Thursday, March 27, 2014

Writer's Workshop... What's in a name?

Moma Katt's pretty much famous writers workshop :

Tell me about your middle name:

Well my middle name is Stanislawa, the female version of Stanislaw.  Translated that means Stanley.  I've never really known for sure, but I suspect my mother named me after her youngest and only brother, Stanley Banas.  I was the fifth girl in our family.  My mother and father were married a year before WWII broke out.  It was an arranged marriage.  My mother was 19years old (an old maid, by standards of the day).  Needless to say, when the war broke out my parents were shipped off to Siberia, by that time my mom's first child had already perished, for lack of food her second much the same and third of dysentery. By this time my mom had been separated from her siblings for a number of years and I suspect she missed them quite a bit.  She'd last seen her brother when he was 12 and then not again until he was middle aged.  So consequently I was named after him, I think?

During her first year of marriage my mom was having her first child, I believe her name  was Krystyna.  My father lived with his whole family on a farm run my grandmother.  My mom told us that while she was in labour the unrest in the area had already begun.  People hid in the forest to save their lives.  Since she was in no physical state to run, they left her alone to deliver.  My father was already on maneuvers with his unit.  My mothers uncle would every once in awhile come and check on her.  When Krystyna was born, my mom was unable to breast feed, and gave her cows milk, which my mom always felt was not fresh and the child died.  I'm not sure when her second child was born, she didn't talk about it often.  The third child, Stefania was born at some point while my parents were in exile.  She managed to survive until my mother was in India (all the while these displaced persons were being moved from refugee camp to refugee camp, much like we see on the news, living in tents in foul conditions).  And even though there were hospitals, there was no medicine.  All medicines were sent to the front. My sister, Stefania is burried in a mass grave someplace in Karachi.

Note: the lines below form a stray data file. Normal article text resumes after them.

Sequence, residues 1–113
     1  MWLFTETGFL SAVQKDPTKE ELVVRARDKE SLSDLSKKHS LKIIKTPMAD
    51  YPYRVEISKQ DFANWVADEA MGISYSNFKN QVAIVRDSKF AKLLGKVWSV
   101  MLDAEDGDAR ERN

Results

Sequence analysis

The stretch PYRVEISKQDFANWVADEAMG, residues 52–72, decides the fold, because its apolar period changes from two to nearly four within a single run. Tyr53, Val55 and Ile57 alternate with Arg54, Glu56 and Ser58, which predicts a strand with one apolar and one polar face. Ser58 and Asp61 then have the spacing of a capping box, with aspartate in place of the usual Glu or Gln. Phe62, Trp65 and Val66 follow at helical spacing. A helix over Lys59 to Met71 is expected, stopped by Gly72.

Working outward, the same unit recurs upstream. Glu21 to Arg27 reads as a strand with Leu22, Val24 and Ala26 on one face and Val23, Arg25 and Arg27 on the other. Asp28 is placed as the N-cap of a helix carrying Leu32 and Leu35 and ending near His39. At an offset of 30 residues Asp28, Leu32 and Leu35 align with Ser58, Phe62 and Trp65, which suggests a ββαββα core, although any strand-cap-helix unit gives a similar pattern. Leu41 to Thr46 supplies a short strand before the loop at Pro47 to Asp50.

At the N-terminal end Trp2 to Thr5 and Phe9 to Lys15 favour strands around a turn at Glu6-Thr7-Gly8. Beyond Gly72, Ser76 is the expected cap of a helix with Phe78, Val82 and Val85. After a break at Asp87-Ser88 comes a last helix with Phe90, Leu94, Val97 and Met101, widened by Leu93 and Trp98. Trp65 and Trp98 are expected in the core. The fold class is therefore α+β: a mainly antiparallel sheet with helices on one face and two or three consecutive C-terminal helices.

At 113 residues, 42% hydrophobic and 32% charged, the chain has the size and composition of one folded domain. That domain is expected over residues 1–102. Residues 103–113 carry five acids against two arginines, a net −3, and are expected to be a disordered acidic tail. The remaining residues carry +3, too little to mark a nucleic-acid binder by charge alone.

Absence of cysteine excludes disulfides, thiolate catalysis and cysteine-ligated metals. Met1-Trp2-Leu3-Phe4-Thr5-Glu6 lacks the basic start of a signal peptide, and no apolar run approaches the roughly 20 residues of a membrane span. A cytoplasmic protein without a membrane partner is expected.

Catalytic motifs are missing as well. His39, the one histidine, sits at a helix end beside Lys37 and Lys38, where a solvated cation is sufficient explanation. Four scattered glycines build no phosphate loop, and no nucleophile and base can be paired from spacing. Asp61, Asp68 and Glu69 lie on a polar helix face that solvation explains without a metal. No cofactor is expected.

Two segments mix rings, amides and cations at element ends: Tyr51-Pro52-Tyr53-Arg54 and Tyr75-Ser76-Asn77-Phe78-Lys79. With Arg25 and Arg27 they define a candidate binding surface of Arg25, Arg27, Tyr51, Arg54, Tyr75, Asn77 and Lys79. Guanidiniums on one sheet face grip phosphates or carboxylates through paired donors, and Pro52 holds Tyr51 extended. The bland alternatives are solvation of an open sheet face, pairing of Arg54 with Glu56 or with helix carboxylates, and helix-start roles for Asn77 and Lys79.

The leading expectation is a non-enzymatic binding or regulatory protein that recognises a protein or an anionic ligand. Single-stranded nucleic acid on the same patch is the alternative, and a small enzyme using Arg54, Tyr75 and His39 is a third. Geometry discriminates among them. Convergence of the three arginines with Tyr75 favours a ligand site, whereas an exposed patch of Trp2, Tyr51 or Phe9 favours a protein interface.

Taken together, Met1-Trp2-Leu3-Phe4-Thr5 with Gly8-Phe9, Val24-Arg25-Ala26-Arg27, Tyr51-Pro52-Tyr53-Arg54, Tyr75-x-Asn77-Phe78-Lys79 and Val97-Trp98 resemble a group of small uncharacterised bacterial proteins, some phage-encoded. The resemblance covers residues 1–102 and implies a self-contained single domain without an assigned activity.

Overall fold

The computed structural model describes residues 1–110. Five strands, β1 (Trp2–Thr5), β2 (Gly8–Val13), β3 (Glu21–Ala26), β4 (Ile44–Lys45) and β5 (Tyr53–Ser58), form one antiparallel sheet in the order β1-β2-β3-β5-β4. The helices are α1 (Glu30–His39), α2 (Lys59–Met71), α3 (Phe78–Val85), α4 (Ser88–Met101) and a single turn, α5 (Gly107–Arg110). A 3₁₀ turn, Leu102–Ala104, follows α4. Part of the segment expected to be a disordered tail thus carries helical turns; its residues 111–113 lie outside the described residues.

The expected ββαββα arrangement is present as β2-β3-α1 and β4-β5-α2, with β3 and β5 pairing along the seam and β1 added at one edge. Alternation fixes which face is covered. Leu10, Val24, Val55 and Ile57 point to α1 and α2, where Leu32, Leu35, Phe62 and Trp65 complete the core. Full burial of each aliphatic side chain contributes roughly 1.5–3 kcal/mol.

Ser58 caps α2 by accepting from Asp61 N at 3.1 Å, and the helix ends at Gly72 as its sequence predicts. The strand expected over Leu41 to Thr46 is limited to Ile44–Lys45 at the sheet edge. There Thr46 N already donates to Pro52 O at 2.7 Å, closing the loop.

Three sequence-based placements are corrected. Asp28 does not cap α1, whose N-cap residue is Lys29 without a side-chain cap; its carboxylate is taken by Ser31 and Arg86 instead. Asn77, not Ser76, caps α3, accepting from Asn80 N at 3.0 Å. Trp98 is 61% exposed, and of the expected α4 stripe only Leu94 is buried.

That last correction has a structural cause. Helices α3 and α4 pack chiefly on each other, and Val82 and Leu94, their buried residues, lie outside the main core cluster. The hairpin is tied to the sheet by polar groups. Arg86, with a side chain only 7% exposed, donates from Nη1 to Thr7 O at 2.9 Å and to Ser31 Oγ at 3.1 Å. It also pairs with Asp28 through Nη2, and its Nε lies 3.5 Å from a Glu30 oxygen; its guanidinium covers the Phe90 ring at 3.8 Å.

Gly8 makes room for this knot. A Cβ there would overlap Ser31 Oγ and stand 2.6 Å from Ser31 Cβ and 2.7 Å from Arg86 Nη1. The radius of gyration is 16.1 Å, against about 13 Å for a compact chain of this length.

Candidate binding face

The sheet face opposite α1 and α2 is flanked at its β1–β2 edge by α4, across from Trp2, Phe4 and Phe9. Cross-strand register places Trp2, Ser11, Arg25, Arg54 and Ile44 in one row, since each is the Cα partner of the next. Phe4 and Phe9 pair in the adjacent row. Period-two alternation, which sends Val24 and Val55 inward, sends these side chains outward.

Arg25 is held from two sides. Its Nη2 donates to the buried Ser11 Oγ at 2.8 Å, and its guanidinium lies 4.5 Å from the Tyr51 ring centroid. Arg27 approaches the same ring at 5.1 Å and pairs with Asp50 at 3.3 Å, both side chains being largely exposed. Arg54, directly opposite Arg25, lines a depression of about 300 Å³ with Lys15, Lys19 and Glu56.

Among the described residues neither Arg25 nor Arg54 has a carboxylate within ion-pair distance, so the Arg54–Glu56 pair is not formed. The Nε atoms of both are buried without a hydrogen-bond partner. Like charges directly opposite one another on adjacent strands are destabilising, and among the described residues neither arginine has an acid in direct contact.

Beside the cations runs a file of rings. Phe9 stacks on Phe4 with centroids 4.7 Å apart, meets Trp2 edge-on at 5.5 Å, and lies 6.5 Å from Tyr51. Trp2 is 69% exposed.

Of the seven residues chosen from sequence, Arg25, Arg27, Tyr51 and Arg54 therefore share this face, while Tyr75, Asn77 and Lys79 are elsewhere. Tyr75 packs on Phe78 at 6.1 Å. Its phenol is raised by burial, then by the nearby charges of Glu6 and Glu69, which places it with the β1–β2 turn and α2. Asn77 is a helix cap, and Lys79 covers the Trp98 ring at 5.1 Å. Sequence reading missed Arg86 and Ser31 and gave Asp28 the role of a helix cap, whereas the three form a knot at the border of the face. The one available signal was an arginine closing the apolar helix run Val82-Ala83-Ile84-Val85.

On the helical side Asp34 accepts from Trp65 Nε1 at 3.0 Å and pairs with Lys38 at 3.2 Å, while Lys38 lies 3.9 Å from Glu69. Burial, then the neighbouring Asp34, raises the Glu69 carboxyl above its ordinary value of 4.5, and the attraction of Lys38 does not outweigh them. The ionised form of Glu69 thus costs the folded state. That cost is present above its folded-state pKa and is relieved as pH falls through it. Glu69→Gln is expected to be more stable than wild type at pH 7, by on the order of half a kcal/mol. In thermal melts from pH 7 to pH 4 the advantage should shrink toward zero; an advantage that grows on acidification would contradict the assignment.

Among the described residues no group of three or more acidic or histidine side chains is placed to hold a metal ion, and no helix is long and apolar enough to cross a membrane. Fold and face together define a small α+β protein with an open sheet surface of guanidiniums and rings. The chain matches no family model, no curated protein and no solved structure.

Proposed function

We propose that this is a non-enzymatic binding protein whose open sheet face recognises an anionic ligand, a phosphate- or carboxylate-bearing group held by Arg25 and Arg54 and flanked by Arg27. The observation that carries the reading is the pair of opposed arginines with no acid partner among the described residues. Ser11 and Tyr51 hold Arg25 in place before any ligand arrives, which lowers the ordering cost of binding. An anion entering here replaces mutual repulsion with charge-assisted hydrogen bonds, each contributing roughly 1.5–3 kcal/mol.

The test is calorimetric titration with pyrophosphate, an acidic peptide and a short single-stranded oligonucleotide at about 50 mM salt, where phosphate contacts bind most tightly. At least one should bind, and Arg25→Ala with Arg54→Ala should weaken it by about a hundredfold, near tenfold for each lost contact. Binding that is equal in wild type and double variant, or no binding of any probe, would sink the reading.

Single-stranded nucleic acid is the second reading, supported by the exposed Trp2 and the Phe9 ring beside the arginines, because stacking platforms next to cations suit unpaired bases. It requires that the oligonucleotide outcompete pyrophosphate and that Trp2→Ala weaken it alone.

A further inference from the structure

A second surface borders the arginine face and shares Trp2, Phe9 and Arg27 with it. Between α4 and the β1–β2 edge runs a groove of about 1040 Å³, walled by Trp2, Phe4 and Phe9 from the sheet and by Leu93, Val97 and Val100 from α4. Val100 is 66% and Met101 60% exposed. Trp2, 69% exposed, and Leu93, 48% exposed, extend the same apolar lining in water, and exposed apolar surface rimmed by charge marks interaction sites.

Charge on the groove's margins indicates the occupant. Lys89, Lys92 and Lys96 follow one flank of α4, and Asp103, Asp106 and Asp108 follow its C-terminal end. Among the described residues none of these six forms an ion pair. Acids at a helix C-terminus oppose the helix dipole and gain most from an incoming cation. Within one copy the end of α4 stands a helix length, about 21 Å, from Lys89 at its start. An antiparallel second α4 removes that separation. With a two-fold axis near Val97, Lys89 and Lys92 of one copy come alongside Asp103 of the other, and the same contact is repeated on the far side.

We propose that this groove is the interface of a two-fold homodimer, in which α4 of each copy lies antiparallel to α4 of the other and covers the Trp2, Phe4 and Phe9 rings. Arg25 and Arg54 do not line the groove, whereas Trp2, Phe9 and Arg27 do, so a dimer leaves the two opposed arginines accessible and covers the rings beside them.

So you can imagine when my parents arrived in Canada, it was heavenly,  Medical care for mother and child were available, and when my sister Donna lived past her first year my parents finally relaxed.  My mother said she woke frequently to see that she was still o.k. when she slept.  Now by the time they had me, well she decided to name me after her brother, I might add I'm not sure that they even knew of each other's survival at this time.  

My uncle Stan: a creative, guy, good looking, knew his way around the world, self taught welder.   He married a lovely lady and had two really nice girls.  I only met him on the one trip, when my mom and I went to Poland, some 40 years ago.  He died young, in his 50's of a massive heart attack.  Predeceased  by his wife.Poland was still a communist state at the time of his death, and once again, health care was grossly inadequate.

These are thoughts and memories as related to me, they may not be accurate, since we all know how well kids listen to their parents.

  Writers workshop is hosted by Mama Katts Pretty Much Famous Writers Workshop


4 comments:

kelley jensen said...

that was some very interesting history. names are very important aren't they?

Vicki said...

Wow!! What an interesting, emotional history! Thanks for sharing it with your readers!

Margaret @ BooksPlease said...

There is so much family history behind your second name! Your parents must have been so happy when you and your sister survived.

Jenny said...

So much pain and hardship, it's almost unimaginable. God bless you, dear Irene. The hardest part for me to read was about Stefania. God rest her soul. xoxo